And the rest of us also suffer, especially the many women who’ve struggled, often without success, to juggle the demands of caregiving and work. “The pandemic has really highlighted the inequalities and precarity of women’s work,” Rep. Katherine D. Clark (D.-MA) recently pointed out. “If we are not addressing the health needs of women, the policies that allow women to work, we are not going to be able to restore the health of communities, families and our economy.”

The need for care crosses generations, and we must recognize the crucial role our caregiving workforce plays throughout the lifespan. The passage of the American Rescue Plan Act marks a start by providing funding to rebuild the infrastructure of care. This important piece of legislation has added $12 billion to Medicaid’s home and community-based services to expand services to older adults and support the workers who serve them. It has also infused more than $50 billion into the child care sector—both steps that are critical to paving the path ahead for working families.

But we need long-term policies and systemic change to support our caregiving workforce. We need to treat our early educators and home care workers with respect and give them the pay they need to stay on the job. They deserve training and career ladders to higher-paying jobs, the choice to join a union and bargain collectively, along with other basic work-related rights and protections. These workers are the foundation of a care infrastructure that is essential for our economy to recover after COVID-19. Even more fundamental, the way we treat this workforce—which is mainly made up of women of color and immigrant women—is a measure of our commitment to equity and justice.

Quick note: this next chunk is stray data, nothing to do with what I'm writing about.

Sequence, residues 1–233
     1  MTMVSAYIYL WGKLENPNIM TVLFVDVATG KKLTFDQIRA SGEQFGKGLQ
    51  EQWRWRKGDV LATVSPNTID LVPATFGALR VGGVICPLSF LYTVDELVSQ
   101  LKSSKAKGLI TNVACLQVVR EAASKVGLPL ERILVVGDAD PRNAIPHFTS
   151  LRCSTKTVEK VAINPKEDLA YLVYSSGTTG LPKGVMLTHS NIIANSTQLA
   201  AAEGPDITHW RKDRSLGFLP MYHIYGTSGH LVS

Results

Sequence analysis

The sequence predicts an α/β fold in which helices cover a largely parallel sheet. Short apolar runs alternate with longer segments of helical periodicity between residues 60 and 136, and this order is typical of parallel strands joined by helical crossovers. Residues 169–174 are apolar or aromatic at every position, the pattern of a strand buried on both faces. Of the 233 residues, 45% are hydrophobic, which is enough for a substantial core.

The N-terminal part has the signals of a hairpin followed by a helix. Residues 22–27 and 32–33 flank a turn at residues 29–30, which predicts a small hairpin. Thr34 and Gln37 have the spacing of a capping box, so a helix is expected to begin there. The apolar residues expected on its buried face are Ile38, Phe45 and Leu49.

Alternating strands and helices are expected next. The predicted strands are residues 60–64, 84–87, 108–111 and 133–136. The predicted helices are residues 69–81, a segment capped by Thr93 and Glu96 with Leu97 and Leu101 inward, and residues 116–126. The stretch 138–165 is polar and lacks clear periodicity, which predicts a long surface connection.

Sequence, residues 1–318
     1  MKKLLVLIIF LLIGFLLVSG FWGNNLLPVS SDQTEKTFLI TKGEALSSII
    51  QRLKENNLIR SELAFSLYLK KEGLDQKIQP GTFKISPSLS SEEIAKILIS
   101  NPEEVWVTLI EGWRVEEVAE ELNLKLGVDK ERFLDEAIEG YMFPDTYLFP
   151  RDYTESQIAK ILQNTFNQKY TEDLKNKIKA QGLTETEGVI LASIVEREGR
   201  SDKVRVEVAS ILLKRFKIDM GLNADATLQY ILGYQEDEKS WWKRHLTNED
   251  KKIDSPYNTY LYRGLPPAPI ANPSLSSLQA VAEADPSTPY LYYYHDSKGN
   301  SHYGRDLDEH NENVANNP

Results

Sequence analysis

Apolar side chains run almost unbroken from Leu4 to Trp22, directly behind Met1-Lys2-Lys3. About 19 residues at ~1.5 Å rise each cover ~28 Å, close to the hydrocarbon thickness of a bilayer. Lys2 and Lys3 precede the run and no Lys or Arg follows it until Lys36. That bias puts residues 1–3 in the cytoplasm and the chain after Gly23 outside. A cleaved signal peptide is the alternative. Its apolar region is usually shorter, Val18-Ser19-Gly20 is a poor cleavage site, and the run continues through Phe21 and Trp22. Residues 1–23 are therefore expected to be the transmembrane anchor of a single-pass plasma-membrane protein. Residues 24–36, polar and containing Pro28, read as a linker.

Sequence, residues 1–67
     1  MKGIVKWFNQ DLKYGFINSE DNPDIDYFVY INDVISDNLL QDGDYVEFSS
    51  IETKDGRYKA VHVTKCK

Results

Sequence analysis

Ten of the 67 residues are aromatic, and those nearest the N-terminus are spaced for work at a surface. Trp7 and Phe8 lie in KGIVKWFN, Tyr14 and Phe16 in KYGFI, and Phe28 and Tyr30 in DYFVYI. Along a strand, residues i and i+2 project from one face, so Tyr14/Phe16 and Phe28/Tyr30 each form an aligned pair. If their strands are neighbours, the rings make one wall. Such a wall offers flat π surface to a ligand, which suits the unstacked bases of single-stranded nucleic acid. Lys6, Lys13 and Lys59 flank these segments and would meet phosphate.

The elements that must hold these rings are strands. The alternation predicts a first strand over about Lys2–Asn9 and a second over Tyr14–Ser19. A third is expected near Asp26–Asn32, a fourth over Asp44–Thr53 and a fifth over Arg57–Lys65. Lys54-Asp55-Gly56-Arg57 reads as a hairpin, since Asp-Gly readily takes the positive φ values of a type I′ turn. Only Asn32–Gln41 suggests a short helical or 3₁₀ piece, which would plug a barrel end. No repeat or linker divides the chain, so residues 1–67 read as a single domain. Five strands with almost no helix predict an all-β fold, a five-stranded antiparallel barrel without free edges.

The policies we make to support these workers will determine how history judges us in the future. So, we should take care to give our caregiving workforce the dignity it deserves. “The moral test of government,” as former Vice President Hubert Humphrey once movingly said, “is how that government treats those who are in the dawn of life, the children; those who are in the twilight of life, the elderly; and those who are in the shadows of life, the sick the needy and the handicapped.” Investing in our caregivers is an investment in the children, seniors, and struggling families they serve. It will be a mark of America’s progress in living up to its ideals.